RFC 7426 makes an attempt at answering the above questions. It took SDN as it existed in 2014 (the RFC released in Jan 2015), analyzed the state of existing SDN standards and practices, with a fair amount of analysis and review. Then, the group working on the project got approval to publish this informational RFC that:

  • Describes a SDN architecture.
  • Defines layers, including the usual “planes” (eg, control plane), interfaces (eg, APIs), and abstractions.
  • Defines the terms for use with each.
  • Lists a large number of reference documents used as the basis for choosing the details in the RFC (over 70 references cited).

Also, it attempts to avoid any one particular view of SDN. In fact, quoting from the RFC:

“…the aim of this document is not to standardize any particular layer or interface but rather to provide a concise reference that reflects current approaches regarding the SDN layer architecture. We expect that this document would be useful to upcoming work in SDNRG as well as future discussions within the SDN community as a whole.”

(The RFC itself comes from a branch of the IETF called the Internet Research Task Force (IRTF), specifically the SDN Research Group (SDNRG) of the IRTF. The IRTF researches topics, and occasionally publishes informational RFCs, RFC 7236 being once such RFC.)

In short, this RFC provides a concise reference for SDN architecture and its terms, intending to be a practical help to those of us who care about SDN.


A Quick Look at the Architecture

If you’ve ever looked at an architectural diagram that featured open SDN w/ OpenFlow, or at the architecture of an SDN controller (for example, OpenDaylight), then much of the RFC 7426 architecture should look familiar. But it does use a little different terminology as well as some fundamental differences in the architecture as compared with how you may have thought about SDN before. Here’s a color version of the substance of the architecture as found in the RFC:


Figure 1: The RFC 7426 SDN Architectural Model

First, for the familiar, the architecture uses the usual Application plane above, control plane in the middle, with the device’s data plane at the bottom.

However, rather than a single concept of the data plane, this RFC separates the architecture into both a forwarding plane and an operational plane. The forwarding plane performs all message processing (forwarding, header changes, filtering, metering…), while the operational plane handles device details, for instance, the list of ports and their state.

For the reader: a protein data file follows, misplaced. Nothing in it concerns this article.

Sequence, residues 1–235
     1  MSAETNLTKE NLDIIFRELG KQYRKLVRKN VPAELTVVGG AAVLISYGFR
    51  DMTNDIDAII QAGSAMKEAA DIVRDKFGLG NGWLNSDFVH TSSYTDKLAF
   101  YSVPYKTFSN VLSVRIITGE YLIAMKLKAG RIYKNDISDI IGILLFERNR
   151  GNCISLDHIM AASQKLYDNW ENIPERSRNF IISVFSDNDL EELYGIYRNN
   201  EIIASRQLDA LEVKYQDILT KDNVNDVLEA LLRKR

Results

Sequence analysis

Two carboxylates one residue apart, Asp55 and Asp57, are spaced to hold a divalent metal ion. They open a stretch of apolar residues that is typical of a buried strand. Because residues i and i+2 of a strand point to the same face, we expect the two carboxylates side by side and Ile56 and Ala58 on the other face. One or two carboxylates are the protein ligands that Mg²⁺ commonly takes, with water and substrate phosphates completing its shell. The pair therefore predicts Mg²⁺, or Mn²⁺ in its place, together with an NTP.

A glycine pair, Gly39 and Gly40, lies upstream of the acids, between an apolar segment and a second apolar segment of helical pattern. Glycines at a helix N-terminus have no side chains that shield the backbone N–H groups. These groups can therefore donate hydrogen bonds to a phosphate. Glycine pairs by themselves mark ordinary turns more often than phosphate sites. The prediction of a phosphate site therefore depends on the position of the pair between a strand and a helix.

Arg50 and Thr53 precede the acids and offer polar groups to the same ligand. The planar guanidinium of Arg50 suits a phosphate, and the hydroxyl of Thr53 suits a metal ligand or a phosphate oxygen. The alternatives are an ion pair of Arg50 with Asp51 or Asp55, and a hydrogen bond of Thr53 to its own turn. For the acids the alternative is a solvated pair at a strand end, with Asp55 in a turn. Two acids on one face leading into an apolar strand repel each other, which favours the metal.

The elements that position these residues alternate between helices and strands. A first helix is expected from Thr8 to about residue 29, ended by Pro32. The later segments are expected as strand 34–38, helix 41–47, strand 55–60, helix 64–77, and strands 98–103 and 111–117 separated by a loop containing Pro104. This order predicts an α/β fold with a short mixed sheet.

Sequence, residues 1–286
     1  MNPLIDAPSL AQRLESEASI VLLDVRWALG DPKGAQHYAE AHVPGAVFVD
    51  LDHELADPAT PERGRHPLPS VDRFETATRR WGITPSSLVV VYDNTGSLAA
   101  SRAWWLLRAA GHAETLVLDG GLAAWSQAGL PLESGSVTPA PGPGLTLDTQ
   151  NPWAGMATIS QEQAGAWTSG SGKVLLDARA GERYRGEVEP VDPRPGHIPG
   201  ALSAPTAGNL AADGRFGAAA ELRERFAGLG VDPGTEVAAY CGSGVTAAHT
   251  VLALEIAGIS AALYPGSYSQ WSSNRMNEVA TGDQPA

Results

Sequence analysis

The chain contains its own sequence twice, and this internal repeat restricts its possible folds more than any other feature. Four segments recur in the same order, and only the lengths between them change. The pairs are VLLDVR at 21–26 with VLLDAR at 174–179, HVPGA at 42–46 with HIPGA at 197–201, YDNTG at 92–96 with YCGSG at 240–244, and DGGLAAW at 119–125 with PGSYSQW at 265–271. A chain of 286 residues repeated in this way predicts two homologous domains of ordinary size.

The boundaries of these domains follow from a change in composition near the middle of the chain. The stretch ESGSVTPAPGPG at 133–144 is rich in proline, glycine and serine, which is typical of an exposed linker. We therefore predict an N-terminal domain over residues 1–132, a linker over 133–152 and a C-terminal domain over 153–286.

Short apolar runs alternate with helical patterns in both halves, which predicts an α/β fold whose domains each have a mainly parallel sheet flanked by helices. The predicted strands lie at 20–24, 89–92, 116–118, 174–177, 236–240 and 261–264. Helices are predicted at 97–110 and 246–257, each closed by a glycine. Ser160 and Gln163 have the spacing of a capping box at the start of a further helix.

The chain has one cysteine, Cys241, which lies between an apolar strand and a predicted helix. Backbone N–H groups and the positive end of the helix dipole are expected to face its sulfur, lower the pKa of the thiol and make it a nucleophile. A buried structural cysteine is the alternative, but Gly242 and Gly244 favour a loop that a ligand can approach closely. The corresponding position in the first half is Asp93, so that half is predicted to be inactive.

Within the context of the architecture, the RFC walks through the terminology, and lists references… and that’s it!


RFC 7426 as a Roadmap (but not a Tutorial)

The RFC does not attempt to teach you everything about what the terms mean. However, it can act as a great roadmap for anyone learning SDN.

First, it hits the highlights of the architectural model, and clearly defines terms. That’s always a great place to start.

Additionally, it has tons of good references. Don’t know what else to go read? Want to really dig in? This isn’t a bad place to start. For instance, quoting another short section from the RFC, this time about those forwarding and operational planes inside an SDN device:

The forwarding and the operational planes are exposed via the Device and resource Abstraction Layer (DAL), which may be expressed by one or more abstraction models. Examples of forwarding-plane abstraction models are Forwarding and Control Element Separation (ForCES) [RFC5812], OpenFlow [OpenFlow], YANG model [RFC6020],and SNMP MIBs [RFC3418]. Examples of the operational-plane abstraction model include the ForCES model [RFC5812], the YANG model [RFC6020], and SNMP MIBs [RFC3418].

That one paragraphs give you a great list of documents and standards that RFC 7426 says fits into those parts of the architecture; all you have to do is go find them and read some more.


Cuppa Joe (w/ Refill) and Read the RFC

Care about SDN? Want to learn more? I think this RFC is worth a full read, at least up to where the list of 70+ references begins. That’s about 20 pages of RFC to read. Grab a cuppa joe, grab a seat, and enjoy! Let me know what terms you found particularly interesting or useful.

SDN Terminology from Layered Models
The Cisco Network Programmability (SDN) Intro Course
Wendell Odom
By Wendell Odom April 23, 2015 09:05
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1 Comment

  1. January 19, 09:25

    It’s great that you are getting ideas from this piece of writing as
    well as from our dialogue made here.

    Reply to this comment